James Forsyth

Too much information | 26 February 2008

Too much information | 26 February 2008
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The Information Commissioner is wrong to order that the minutes of the Cabinet meeting where the legality of the Iraq war was discussed be published. If Cabinet Minutes can be released so soon after the event, no one will speak their mind in cabinet anymore; it would effectively mean the end of Cabinet government.

As Sam Coates puts it: 

“Cabinet Ministers need somewhere they can discuss, debate and disagree about policy in private. This is surely sensible (if they did not have a chance to raise concerns, how can they exercise collective responsibility?) and this is why Cabinet discussions and the minutes are secret.”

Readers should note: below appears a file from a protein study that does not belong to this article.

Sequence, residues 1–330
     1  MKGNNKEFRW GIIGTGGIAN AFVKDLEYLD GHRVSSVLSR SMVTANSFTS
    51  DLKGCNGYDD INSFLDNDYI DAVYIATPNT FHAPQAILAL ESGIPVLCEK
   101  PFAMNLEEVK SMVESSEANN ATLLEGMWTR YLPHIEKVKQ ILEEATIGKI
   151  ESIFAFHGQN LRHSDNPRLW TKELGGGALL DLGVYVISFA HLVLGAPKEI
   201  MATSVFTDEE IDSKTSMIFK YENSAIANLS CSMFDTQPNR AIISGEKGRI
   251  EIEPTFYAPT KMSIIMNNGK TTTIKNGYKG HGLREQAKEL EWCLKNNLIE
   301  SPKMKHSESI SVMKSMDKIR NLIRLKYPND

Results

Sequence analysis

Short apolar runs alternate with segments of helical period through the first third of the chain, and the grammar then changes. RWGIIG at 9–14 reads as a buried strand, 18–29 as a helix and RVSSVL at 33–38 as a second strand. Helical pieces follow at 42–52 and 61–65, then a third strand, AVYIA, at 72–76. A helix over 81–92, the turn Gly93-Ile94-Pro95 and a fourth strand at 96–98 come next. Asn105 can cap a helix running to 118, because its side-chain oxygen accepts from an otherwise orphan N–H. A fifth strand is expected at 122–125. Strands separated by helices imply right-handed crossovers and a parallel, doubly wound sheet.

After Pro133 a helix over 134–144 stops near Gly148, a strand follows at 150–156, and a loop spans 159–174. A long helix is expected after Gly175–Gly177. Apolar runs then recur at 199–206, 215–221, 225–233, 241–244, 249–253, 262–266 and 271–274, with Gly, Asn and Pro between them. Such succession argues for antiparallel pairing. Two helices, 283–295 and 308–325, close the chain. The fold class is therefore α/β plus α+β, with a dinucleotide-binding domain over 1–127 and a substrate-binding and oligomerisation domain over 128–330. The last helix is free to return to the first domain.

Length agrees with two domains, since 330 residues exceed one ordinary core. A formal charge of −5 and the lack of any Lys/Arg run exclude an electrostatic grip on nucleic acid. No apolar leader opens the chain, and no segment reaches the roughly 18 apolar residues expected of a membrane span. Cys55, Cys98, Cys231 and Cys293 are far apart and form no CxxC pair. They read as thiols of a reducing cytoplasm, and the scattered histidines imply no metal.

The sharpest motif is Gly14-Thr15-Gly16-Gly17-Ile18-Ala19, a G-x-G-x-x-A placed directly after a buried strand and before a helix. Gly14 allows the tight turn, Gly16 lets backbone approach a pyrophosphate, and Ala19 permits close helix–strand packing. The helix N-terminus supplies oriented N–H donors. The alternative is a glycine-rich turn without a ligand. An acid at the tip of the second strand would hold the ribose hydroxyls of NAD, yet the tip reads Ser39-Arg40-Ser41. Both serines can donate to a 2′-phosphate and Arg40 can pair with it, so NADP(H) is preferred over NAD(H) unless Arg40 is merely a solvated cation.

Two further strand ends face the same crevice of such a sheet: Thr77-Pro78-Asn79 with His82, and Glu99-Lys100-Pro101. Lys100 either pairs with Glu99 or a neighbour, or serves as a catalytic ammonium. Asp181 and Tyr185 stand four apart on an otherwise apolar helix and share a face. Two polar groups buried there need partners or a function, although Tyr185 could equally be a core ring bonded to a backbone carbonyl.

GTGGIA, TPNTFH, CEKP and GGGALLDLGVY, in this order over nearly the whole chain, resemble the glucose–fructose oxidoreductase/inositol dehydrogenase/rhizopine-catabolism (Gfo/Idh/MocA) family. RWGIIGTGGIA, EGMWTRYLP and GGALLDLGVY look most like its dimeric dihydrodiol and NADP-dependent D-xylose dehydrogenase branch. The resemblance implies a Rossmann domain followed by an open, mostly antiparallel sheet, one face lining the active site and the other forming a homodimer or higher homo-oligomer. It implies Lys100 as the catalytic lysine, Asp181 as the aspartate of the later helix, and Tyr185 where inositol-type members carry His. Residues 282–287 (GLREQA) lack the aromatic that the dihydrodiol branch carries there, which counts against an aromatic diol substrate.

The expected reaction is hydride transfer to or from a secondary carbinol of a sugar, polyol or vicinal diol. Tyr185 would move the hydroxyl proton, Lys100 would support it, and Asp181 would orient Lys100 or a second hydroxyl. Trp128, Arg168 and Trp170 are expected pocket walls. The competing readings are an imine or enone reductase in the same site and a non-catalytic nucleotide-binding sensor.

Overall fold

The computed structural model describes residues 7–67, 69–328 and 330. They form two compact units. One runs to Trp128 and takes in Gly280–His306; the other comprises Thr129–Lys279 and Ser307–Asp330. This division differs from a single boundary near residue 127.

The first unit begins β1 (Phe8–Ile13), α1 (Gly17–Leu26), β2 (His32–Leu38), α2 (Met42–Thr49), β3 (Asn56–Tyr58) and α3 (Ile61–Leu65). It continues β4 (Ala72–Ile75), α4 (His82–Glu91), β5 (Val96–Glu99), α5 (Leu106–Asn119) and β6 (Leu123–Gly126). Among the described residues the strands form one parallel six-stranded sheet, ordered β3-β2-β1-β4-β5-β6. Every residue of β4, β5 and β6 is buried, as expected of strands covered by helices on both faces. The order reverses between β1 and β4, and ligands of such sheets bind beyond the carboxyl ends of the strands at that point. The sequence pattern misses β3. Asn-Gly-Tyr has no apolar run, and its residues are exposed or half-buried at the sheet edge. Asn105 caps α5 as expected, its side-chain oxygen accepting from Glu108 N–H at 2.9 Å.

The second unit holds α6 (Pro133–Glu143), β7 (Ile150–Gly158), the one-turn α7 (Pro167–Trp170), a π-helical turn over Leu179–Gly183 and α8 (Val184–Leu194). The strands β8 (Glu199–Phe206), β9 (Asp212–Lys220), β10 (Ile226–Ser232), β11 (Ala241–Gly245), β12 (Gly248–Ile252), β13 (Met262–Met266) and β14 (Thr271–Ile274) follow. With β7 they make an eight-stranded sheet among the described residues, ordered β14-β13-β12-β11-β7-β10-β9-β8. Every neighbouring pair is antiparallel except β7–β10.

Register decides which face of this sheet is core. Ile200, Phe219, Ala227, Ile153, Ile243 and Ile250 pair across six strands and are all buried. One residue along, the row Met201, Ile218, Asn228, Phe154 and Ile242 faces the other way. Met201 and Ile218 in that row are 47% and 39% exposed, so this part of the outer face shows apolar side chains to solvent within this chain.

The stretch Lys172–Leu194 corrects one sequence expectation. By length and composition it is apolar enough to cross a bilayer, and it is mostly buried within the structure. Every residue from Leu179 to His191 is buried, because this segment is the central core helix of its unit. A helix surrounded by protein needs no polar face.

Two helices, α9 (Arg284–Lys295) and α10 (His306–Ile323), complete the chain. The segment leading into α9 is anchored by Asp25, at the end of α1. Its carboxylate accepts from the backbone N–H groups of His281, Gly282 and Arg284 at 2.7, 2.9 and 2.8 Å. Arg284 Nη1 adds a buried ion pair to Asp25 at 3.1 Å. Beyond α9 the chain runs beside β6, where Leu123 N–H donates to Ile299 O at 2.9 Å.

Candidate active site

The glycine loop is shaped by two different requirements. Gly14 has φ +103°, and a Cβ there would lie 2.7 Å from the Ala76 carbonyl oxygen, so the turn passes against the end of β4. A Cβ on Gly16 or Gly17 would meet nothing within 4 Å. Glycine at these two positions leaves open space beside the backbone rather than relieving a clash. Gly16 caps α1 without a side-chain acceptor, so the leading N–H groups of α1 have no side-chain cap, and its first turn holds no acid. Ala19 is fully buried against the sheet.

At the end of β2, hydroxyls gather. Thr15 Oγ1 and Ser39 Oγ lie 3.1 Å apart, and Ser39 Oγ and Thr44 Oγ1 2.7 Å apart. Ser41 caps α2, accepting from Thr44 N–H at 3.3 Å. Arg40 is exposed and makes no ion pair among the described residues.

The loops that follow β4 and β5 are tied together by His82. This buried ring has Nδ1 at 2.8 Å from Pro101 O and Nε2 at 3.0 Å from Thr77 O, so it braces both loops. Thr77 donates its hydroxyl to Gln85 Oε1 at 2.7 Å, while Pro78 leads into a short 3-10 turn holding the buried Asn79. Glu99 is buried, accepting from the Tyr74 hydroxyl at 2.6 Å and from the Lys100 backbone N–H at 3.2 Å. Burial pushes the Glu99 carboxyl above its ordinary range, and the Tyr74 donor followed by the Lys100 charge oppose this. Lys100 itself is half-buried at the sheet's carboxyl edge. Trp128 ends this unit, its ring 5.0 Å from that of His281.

One of the things that all the various enquiries into Iraq revealed is how pernicious sofa government is to good government. But if the records of Cabinet Meetings are no longer guaranteed to be private for at least 30 years, then Ministers are going to—by necessity—discuss the most sensitive of matters in informal conversations of which there is no record.

Written byJames Forsyth

James Forsyth is Political Editor of the Spectator. He is also a columnist in The Sun.

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